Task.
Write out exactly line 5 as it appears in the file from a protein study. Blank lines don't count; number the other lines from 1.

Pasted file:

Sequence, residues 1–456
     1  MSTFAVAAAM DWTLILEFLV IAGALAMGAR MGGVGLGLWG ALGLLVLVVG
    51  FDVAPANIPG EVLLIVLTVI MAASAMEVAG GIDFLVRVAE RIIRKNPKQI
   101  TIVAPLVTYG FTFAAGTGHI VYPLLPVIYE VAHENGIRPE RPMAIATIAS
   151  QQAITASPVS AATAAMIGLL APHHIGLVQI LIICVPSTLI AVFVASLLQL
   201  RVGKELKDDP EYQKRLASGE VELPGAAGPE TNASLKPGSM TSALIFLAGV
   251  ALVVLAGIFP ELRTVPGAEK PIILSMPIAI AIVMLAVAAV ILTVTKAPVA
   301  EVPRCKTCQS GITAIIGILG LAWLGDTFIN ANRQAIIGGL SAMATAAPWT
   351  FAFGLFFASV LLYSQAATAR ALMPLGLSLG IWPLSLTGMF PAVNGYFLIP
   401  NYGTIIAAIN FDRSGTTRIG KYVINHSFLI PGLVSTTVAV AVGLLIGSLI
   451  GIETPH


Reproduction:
   151  QQAITASPVS AATAAMIGLL APHHIGLVQI LIICVPSTLI AVFVASLLQL